Franz Wright DEPICTION OF CHILDHOOD after Picasso It is the little girl guiding the minotaur with her free hand-- that devourer and all the terror he's accustomed to effortlessly emanating, his ability to paralyze merely by becoming present, entranced somehow, and transformed into a bewildered and who knows, grateful gentleness... and with the other hand lifting her lamp.


Courtesy of RGBStock Images Did it just start raining, or did I just start seeing it? Morning, early, and I'm at my study window, thinking about the way parts of a poem come forward as I read or listen, while other parts recede. When I was very young my father took me to an exhibition of giant images projected on a screen that broke into huge moving blocks, sliding forward and back silently, a precursor of 3D pixelation, of holography, that terrified me. The world was breaking up before my eyes! It was a terror that fascinated me. I have little memory of the images themselves. Was there a story? I don't recall; it was a pastiche, full of unpredictable life and movement. Diapolyecran, Czechoslovakia Pavilion, Expo 67 In poems, the advance-and-recede effect creates a quality I want to handle. Not texture, but pliability. Pattern that isn't decoration. Pattern that is its own structure. In "Depiction of Childhood, " Franz Wright guides u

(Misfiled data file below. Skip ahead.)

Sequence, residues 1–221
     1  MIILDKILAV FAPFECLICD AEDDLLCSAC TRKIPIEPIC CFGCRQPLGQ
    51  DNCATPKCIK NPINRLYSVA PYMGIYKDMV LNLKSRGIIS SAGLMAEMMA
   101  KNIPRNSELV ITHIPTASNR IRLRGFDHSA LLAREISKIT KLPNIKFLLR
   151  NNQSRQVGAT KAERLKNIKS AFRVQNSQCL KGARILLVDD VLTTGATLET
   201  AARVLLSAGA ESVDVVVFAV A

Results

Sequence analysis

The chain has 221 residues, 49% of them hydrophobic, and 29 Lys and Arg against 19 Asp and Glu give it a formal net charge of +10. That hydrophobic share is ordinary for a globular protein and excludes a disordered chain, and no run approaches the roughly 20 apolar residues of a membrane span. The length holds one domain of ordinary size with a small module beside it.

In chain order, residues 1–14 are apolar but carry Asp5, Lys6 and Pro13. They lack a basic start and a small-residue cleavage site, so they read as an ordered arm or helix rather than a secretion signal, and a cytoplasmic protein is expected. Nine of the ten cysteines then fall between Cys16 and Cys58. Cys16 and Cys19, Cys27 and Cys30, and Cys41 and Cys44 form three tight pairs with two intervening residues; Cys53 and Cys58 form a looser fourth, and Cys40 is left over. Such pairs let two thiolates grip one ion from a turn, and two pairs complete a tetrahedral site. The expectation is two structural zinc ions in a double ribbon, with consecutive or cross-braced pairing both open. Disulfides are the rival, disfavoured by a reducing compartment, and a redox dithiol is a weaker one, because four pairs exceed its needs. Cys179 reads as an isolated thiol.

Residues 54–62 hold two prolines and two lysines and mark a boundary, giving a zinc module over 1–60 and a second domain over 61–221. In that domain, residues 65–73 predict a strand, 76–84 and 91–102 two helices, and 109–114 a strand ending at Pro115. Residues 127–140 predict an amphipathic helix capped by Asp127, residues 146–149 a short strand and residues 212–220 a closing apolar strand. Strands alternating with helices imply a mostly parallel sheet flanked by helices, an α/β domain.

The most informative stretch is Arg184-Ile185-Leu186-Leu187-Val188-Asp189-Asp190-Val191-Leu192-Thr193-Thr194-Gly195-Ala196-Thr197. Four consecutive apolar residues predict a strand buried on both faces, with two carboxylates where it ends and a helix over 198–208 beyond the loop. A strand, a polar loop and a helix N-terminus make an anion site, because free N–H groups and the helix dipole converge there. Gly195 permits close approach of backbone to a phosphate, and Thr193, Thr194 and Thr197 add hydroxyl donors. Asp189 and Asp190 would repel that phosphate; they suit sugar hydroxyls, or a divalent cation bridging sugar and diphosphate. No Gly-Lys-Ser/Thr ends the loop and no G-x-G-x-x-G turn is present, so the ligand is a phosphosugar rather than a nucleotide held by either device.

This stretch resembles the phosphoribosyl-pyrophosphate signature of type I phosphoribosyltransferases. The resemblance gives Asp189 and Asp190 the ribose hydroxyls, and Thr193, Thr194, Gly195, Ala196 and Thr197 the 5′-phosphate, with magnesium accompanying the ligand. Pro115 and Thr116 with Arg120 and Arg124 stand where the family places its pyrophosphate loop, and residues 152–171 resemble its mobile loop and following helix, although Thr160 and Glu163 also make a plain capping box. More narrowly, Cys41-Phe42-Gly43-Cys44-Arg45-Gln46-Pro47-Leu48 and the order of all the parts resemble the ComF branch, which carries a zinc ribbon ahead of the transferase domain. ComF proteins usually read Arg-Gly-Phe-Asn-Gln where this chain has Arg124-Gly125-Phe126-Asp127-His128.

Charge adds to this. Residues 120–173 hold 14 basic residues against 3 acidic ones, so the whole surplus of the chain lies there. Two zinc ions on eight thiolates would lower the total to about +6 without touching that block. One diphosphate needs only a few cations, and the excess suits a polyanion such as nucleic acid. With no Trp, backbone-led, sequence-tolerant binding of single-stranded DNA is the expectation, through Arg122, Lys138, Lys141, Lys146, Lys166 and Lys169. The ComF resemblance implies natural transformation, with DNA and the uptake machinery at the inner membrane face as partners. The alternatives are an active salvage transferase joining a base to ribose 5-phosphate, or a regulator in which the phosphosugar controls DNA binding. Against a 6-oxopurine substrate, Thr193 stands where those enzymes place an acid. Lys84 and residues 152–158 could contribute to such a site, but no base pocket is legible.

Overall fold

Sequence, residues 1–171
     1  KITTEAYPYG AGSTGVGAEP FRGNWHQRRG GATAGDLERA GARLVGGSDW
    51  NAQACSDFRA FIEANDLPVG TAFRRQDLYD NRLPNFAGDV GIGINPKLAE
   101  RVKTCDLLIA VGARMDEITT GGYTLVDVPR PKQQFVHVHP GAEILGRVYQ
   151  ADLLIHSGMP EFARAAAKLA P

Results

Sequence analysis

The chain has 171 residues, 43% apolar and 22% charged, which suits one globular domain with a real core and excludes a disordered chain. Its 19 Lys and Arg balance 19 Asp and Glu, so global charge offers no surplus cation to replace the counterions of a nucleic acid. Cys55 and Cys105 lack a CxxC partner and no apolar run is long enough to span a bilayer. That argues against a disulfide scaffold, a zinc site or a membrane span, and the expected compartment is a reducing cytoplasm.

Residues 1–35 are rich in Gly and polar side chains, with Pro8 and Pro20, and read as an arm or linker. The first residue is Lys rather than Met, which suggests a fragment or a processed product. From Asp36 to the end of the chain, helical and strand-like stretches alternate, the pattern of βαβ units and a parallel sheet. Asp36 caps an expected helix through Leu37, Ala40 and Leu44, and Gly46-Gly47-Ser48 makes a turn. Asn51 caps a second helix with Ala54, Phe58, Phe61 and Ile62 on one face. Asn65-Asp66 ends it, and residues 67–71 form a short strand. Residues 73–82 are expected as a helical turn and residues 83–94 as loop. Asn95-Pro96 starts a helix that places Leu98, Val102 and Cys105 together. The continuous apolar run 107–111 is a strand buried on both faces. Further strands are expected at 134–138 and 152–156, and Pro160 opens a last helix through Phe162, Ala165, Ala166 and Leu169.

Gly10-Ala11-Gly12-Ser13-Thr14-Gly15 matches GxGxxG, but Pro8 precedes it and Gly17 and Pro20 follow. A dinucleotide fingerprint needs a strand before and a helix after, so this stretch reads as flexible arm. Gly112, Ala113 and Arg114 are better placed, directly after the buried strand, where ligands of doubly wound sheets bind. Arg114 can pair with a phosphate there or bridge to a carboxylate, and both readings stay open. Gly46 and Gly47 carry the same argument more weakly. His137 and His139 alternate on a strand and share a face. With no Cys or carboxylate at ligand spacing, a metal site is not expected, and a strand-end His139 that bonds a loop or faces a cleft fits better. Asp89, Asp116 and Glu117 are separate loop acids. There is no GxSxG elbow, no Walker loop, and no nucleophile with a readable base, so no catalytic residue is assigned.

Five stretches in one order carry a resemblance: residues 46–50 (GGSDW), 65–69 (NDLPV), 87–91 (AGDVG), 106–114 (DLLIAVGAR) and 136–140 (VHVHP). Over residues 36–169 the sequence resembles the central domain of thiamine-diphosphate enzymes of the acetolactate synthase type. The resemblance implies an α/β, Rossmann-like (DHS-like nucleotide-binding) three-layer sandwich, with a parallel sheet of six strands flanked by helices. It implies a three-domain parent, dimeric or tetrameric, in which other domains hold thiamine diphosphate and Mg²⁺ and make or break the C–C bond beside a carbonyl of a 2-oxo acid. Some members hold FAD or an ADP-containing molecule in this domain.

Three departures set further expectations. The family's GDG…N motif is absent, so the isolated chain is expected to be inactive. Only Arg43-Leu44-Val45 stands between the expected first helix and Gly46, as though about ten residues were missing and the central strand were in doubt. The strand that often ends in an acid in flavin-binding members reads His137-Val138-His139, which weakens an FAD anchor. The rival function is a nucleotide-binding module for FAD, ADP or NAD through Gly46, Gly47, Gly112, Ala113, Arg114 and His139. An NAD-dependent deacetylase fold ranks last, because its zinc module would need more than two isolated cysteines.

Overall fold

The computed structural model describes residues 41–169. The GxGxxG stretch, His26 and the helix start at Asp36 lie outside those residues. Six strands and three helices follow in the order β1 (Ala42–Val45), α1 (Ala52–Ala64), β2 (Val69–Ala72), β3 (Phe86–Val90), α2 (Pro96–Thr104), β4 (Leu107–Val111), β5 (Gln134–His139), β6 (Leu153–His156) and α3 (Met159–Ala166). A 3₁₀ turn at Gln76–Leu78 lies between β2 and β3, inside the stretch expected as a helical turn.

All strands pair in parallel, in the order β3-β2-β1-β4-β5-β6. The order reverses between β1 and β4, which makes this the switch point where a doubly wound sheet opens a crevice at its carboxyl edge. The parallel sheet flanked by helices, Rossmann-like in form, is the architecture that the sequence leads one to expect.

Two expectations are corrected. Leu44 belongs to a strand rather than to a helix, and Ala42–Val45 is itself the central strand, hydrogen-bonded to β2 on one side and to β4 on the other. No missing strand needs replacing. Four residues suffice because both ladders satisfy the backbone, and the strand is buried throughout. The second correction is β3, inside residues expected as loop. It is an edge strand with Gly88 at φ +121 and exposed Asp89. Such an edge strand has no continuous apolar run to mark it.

A little Emily Dickinson for this Hallowe'en, from Bartleby . I've seen it punctuated differently -- dashes mid-line, dashes at line ends, and so on -- but the creepy mood remains. Has moss ever seemed more sinister? I DIED for beauty, but was scarce Adjusted in the tomb, When one who died for truth was lain In an adjoining room.    He questioned softly why I failed?         5 “For beauty,” I replied. “And I for truth,—the two are one; We brethren are,” he said.    And so, as kinsmen met a night, We talked between the rooms,         10 Until the moss had reached our lips, And covered up our names.